vials of blood lying on medical forms

Rh factor during pregnancy: why you should know it

What is the Rh Factor?

There are four blood types—A, B, AB or O. Each blood type is either positive or negative for the RH antigen, a protein on the surface of the red blood cells in your blood. A plus or minus sign after A, B, AB, or O tells you what Rh factor you have. For example, some people are A negative, while some are A positive. 

While most people have a positive Rh factor, about 15% of the population is Rh-negative, meaning they do not have the antigen. The Rh factor doesn’t cause health problems in any way. It becomes important when blood types are mixed, such as when a person is pregnant or giving birth. 

If you are Rh-negative and the fetus is Rh-positive, which is possible if your partner is Rh-positive, the fetus is at risk of developing Erythroblastosis Fetalis, also known as Rh incompatibility. This is a complication where antibodies made by the Rh-negative mother attack the fetus’s red blood cells. This results in blood cells being destroyed, which causes levels of bilirubin to rise and can be dangerous.

Prevention and dosing

Rh incompatibility can be prevented with the use of RhoGAM shots, which are typically given between 26 and 28 weeks of pregnancy. If your baby is found to be Rh-positive at birth, you will receive an additional dose within 72 hours after giving birth. Your doctor will determine the appropriate dose of RhoGAM after delivery.

RhoGAM should also be given after the following instances:

  • After abdominal trauma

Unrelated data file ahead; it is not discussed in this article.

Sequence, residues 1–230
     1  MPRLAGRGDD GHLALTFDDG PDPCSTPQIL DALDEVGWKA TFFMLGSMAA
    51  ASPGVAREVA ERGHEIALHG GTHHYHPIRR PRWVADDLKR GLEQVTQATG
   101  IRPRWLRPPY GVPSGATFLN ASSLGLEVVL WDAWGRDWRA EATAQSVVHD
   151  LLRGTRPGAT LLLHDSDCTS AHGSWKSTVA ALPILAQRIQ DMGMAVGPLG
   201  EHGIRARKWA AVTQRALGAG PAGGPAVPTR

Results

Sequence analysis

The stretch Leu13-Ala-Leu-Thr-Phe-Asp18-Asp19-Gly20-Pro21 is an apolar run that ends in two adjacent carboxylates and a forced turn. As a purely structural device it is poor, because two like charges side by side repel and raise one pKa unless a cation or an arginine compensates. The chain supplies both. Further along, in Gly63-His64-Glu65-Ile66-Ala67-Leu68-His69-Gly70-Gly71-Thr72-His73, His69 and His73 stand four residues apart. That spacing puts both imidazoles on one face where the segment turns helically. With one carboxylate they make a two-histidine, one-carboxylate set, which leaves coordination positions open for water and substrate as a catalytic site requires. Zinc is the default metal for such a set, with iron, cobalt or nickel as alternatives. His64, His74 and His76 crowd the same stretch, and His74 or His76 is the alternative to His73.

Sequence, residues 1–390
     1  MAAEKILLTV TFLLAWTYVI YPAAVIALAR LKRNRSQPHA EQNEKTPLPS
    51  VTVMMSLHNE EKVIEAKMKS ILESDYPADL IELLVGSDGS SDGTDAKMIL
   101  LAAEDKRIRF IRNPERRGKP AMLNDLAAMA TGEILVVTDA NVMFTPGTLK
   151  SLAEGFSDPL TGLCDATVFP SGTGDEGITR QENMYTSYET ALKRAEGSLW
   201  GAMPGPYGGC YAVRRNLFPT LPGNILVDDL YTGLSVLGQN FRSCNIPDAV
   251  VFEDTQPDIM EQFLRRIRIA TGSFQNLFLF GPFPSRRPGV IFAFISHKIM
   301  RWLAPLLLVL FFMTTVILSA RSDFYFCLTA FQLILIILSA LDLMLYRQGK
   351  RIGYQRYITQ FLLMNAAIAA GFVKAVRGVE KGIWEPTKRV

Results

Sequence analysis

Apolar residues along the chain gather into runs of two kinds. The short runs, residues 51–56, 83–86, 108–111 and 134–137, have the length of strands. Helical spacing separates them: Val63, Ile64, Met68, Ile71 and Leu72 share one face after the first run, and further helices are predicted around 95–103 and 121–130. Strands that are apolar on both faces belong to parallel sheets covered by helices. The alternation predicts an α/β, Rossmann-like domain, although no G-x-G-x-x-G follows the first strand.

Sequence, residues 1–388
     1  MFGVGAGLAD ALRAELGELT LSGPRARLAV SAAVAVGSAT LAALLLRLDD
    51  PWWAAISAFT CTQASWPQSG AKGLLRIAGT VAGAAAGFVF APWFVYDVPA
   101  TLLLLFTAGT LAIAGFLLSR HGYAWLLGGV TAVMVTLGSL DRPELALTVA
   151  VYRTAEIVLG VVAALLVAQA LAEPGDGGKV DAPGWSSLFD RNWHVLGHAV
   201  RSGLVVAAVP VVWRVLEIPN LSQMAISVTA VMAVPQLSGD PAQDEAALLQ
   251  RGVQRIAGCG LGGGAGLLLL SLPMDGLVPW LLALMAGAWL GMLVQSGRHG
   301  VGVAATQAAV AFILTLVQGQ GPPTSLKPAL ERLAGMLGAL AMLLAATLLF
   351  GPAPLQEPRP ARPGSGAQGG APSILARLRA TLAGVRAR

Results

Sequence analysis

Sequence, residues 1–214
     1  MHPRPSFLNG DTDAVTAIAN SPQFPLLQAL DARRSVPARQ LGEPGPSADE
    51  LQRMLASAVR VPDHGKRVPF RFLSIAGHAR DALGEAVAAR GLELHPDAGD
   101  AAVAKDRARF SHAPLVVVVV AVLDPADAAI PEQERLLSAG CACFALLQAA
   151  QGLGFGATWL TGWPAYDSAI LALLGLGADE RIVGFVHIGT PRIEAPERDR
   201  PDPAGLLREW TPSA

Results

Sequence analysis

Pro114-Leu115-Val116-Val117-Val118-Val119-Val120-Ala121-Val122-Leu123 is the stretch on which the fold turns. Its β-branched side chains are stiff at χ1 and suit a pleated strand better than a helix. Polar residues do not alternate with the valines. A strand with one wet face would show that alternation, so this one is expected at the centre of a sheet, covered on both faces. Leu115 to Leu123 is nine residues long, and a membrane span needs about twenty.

• Any invasive procedures such as amniocentesis, chorionic villus sampling or percutaneous umbilical blood sampling
  • Maternal or fetal bleeding during pregnancy
  • Ectopic pregnancy (pregnancy in which the fertilized egg implants outside the uterus). 
  • RhoGAM should also be considered after a threatened pregnancy loss or pregnancy termination. 

The dose and dosing schedule will be determined by your doctor.

How does RhoGAM work?

RhoGAM contains antibodies specific to the Rh protein. These antibodies coat the Rh protein on any fetal blood cells that have entered the pregnant person’s bloodstream. This and other mechanisms prevent the pregnant person’s immune system from reacting to fetal Rh protein and developing their own antibodies, which could endanger a future pregnancy. Therefore, prevention remains the best treatment. 

How is Rh Incompatibility treated?

Treatment of an infant who is already affected depends on the severity of the condition.

Infants with mild Rh incompatibility may be treated with phototherapy using bilirubin lights. IV immune globulin may also be used. For infants severely affected, an exchange transfusion of blood (when the patient’s blood is removed and replaced by donated blood or blood components) may be needed. This is to decrease the levels of bilirubin in the blood.

Being aware of your blood and Rh type during pregnancy can help you partner with your medical team to get the best preventative treatment needed for you and your baby. Although it can be scary, know that you’re not alone in managing this common condition and that prevention is very successful.

You can determine if you are positive or negative for the Rh factor with a routine blood test at your first prenatal healthcare provider’s appointment.

Read more
  • “The Rh Factor: How It Can Affect Your Pregnancy: FAQ027.” ACOG. American College of Obstetricians and Gynecologists, 9/13/2015. Web.
  • “What Is Rh Incompatibility?” National Heart, Lung, and Blood Institute. U.S. Department of Health & Human Services, 1/1/2011. Web.
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